So, You’ve Been Accepted as a Music Undergraduate.

Coming to the end of my Bachelor of Music degree at Queensland University of Technology, I’ve been thinking about what I could offer to the future students that are about to encounter their three-year stint. This should be applicable for anyone suffering studying a Creative Industries/Arts degree, even those that have graduated can look at this and exclaim “YEAH, I DID THAT!”.

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What God Doesn’t Give To You… – Has Laura Jane Grace found Total Clarity?

WHAT GOD DOESN’T GIVE TO YOU…
Has Laura Jane Grace found Total Clarity?
by Rob Knaggs

 

In May of 2012, Josh Eells of Rolling Stone released a story titled The Secret Life of Tom Gabel; an article detailing the interview between the music magazine’s journalist and the frontman of Floridian punk group, Against Me!, and his decision to publicly announce his enduring plight with gender dysphoria (Eells, 2012). The condition is described as a phenomenon in which a person feels their physical appearance and anatomical sex is contrary to their gender identity. The experience is accompanied by a persistent feeling of discomfort, social anxiety and distaste for their own body (Blunden and Dale, 2009). Gabel explains his dysphoria “The cliché is that you’re a woman trapped in a man’s body, but it’s not that simple. It’s a feeling of detachment from your body and from yourself.  And it’s shitty, man. It’s really fucking shitty” (Eells, 2012). Continue reading “What God Doesn’t Give To You… – Has Laura Jane Grace found Total Clarity?”

An Anthropologic Perspective on Creative Practice

A Critical Analysis of the Performance Practice,
the Originality and the Development of Davy Dillinger.
A Research Paper for QUT Creative Performer
by
Rob Knaggs

Upon being accepted to the Queensland University of Technology, I was a competent cellist accompanied by awards in theatre with a vision of learning to adopt production technology to my own performances. Coincidently to the first weeks of semester, I was employed into a live music venue where local musicians and internationally renowned stars are both able to grace the stage, in turn, empowering me to strive to become a dynamic performing artist. For better or worse, these musical acts were all influential in how I wish to perform. As a creative performer and student of a tertiary institution, I am able to provide context to what I perform and understand the origins of what I choose portray and amplify on stage. For my end of year showcase, I will be presenting an act under the guise of Davy Dillinger, a conceptual punk rock group performing original works of my own composition. In this paper, I will discuss, intellectualize and analyse the notions of anthropologic theory and philosophy within my own creative practice.  The paper will then deconstruct my performance approaches by utilizing methods within performance philosophies to then be supported by academic evidence and examples of creative artists that embody or portray these specific methods. The focus will be upon the Anthropology of Performance while also drawing on academia from Theories of the Body and Body Language. In addition to the supported inquiring analysis of my creativity, will be a discussion of my own personal development as a creative performer and how these theories are both influential and coincidently immersed into my practice. Continue reading “An Anthropologic Perspective on Creative Practice”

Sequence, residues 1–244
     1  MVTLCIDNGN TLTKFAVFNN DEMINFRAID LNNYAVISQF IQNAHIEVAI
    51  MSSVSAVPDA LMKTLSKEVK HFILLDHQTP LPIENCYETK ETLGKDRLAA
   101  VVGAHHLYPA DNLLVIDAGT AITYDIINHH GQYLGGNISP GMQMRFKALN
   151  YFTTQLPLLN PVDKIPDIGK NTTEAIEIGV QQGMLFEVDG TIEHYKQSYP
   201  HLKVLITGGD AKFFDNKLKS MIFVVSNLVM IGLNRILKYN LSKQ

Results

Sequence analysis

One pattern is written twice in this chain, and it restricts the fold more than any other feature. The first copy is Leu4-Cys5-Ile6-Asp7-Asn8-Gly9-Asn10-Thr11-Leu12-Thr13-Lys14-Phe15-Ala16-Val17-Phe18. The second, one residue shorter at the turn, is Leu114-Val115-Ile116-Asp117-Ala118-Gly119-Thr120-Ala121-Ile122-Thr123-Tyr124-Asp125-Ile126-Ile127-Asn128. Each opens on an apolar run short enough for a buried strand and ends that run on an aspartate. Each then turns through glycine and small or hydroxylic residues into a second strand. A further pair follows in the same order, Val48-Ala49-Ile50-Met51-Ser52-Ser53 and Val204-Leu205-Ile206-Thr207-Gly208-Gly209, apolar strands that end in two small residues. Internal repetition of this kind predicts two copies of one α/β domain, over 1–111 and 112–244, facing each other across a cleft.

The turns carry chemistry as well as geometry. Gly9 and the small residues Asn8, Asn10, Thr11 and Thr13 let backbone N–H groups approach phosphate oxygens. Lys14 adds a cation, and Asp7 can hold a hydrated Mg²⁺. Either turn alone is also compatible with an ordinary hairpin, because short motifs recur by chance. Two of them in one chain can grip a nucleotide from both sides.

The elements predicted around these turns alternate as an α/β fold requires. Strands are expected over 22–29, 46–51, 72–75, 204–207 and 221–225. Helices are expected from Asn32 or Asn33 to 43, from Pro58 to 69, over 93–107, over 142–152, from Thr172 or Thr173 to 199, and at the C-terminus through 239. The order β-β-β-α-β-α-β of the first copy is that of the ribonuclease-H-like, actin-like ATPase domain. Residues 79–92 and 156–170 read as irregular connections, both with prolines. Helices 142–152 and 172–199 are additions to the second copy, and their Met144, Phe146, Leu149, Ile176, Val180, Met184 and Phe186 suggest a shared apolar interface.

Amanda Palmer’s Dirty Business: Creativity vs Virtuosity

Amanda Palmer

Creativity vs Virtuosity

In today’s modern age of the Internet and instantaneous media updates, it is possible for anybody to achieve their Andy Warhol dream of having 15 minutes of fame. This also means there is higher percentage of competition to vie for the general public’s attention. For musicians, this presents a new challenge. An artist does not have to be of virtuosic talent to conquer, captivate and hold an audience; a thriving performing artist must be able to compellingly portray their stagecraft, creativity and talents in the live arena to convert, engage and inspire a crowd. Amanda Palmer is an example of such a performing artist that has created a rapport with her admiring audience through her work with the Dresden Dolls and her own solo efforts. This essay will detail methods and techniques that Palmer initiates to charm and captivate crowds worldwide to argue that it is not a necessity to be of virtuosic skill to be engaging. The three engagement approaches of Amanda Palmer’s that are being analysed within this essay are her presentation in performance; her efforts to collaborate with fellow performance artists and the interactivity she shares with her appreciative audience.

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Fugazi’s Blueprint Suggestion More Than a Minor Threat

An Academic Analysis about Washington, DC’s Fugazi
by Robert Knaggs
Queensland University of Technology.

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The music and accompanying culture of the 80s left alternative scenes at a confusing crosspoint. The self-depreciative ideals of ’77 punk started to intensify both musically and in their recreations while heavy metal turned to androgyny, misogyny and glamour; with their best efforts of remaining the epitome of masculinity; consequently becoming the preferred soundtrack to shopping malls and radio stations. The former displayed their own affiliations with unconscious homoeroticism and the latter became so accessible that the parents of the generation’s youth identified with the cock-rock show bands (denizcola7, 2011). This exertion of testosterone-fuelled aggression emasculated and alienated a generation into a standpoint; what’s the alternative?

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